Throughout East Africa it is generally an offence to: deface a banknote; urinate in public; sunbath topless; hire a prostitute; buy or take drugs; remove wildlife products, export products made from elephant, rhino or sea turtle derivatives, or to remove coral. Swearing and blasphemy are inadvisable. Visitors are requested to stand when the national anthems are played, or the national flags raised or lowered. They are also advised that photographing the president of any East African country without prior permission; or any military installation is not permitted. Bond or bail can be granted at the police or magistrate's discretion and all cases must be brought before a court.
It is considered courteous to ask people if you may take their picture before doing so, particularly in the more far-flung rural areas. A small (token) payment for the photograph may be expected, rather more as a form of polite appreciation than anything else.
Known as the “Cradle of Mankind', probable “Garden of Eden, and the place where, six million years ago, “Millennium Man' walked the Tugen Hills, Kenya is the ethnic homeland of us all. It was from the nurturing embrace of Kenya that we wandered forth to colonise the world, realise our destiny, and reach for the stars.
Motherland of mankind and the adopted home of over seventy different groups of ethnic migrants, who wandered here from Ethiopia, the Nile and the slopes of Mount Kilimanjaro, Kenya has emerged as a land of miraculously harmonious contrasts; tropical ice, teaming wilderness, vibrant culture and gentle tolerance. A place where, despite the burdens of poverty, drought and famine, the phrase “Hakuna Matata' (“no problem') embodies the national attitude; and a smile is the most valuable currency.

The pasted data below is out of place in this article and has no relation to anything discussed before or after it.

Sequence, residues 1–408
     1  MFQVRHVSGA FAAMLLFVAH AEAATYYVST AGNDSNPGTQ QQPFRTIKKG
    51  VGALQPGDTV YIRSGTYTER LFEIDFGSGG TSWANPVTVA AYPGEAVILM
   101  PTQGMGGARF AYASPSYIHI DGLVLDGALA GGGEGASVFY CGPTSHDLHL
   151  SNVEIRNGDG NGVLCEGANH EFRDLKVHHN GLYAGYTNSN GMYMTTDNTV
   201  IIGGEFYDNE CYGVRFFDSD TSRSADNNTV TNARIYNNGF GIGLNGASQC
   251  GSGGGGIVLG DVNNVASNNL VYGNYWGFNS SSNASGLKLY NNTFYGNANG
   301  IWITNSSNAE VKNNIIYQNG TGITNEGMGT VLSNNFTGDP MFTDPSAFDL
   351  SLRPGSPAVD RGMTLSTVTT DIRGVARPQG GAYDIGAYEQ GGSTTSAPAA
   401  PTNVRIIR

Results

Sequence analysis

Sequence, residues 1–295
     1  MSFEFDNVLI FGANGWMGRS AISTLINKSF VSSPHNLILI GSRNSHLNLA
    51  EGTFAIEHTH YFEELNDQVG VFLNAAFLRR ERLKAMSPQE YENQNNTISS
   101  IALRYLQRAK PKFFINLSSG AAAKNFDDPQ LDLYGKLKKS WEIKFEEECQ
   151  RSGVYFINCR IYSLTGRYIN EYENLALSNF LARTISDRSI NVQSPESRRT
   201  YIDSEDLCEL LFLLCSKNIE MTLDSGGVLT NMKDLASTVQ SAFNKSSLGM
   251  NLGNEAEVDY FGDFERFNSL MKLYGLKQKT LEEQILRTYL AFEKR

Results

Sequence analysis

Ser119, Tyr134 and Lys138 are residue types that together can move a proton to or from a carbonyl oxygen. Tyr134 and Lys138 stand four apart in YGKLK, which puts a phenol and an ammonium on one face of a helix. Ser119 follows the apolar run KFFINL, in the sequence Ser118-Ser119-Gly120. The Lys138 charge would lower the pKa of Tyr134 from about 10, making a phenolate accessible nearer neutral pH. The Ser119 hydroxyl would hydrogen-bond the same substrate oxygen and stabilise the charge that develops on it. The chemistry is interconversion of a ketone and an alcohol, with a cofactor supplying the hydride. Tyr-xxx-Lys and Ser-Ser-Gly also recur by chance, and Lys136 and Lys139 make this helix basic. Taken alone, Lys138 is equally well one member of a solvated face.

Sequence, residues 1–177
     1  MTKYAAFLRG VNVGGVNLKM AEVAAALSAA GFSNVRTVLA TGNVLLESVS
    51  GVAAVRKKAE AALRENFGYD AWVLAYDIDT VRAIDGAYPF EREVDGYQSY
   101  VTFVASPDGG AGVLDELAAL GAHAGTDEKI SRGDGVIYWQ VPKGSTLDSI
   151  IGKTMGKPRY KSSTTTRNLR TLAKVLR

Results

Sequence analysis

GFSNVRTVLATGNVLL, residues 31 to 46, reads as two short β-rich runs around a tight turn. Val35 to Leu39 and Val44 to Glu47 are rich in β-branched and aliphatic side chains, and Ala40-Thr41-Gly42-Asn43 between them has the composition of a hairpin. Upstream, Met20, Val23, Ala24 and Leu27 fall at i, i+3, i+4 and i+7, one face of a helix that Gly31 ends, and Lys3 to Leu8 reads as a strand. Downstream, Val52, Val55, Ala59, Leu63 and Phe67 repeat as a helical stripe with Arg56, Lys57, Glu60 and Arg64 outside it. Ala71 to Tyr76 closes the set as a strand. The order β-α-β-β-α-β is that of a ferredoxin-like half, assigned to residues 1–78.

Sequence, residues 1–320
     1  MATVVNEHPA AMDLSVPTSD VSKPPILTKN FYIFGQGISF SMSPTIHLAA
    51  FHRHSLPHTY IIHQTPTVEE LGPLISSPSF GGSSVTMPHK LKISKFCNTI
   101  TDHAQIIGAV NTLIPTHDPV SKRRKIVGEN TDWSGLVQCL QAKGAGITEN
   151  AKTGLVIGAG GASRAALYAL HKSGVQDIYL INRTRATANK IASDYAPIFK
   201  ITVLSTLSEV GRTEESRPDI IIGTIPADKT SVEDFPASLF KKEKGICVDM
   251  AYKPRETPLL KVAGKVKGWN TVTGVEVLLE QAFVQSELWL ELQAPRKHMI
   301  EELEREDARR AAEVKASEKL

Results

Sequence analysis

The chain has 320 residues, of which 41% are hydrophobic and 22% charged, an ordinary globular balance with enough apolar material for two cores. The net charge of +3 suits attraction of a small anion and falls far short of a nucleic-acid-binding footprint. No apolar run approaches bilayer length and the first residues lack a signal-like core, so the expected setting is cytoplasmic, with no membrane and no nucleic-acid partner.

Dubbed the “Safari Capital of the World'; Kenya has over 40 national parks and reserves, and offers sanctuary to some of the world's most ancient and most threatened creatures. Named after Mount Kenya, the second highest mountain in Africa, she shelters the last of the primordial rain forests and boasts more species of birds than almost anywhere else in the world. Stunning, scenic, steeped in history, a sportsman's paradise and a lover's idyll, Kenya has provided a playground for royalty, millionaires, aristocrats and eccentrics for centuries; and she still remains one of the most popular tourist destinations in the world. Offering the best of African travel, a Kenya safari unfailingly reveals the authenticity of the Africa wilderness, beautifully parading the array of Kenya wildlife and safari lodges.
It's not for the typical trappings of tourism, however, that Kenya is usually remembered; it's for her people. Time and time again, the careful questionnaires of the hotel industry reveal the same fact; that Kenya's visitors go away indelibly touched by the warmth, sincerity and generosity of the Kenyan people; and the poorer the person, the richer the welcome.
The 'Green City in the Sun', Nairobi, capital and largest city in Kenya will undoubtedly be on your agenda for your Kenyan safari as it is almost impossible to do anything in Kenya without paying a visit to the vibrant central hub. Popular Day Trips around Nairobi include: Giraffe Manor, David Sheldrick Wildlife Trust, Karen Blixen Museum and Nairobi Museum. For a unique experience you can visit Nairobi National Park for a great day out, the only place in the world to boast a National Park within such close proximity to the city. During the evening eat at the Carnivore Restaurant, one of the most renowned eating experiences on the continent!
The Great Rift Valley
See this natural phenomenon for yourself and journey the length of Kenya. Take in alkaline lakes full of fluttering flamingos, shower in searing hot springs, and climb up a volcanic mountain or wander an island and walk amongst wildlife.
Take a trip to the world's largest tropical lake and kick back on un-spoilt beaches, visit secluded islands, sail across the waters on a dhow and fish for the massive Nile Perch! It's a trip well worth taking and will add to your Kenya adventure.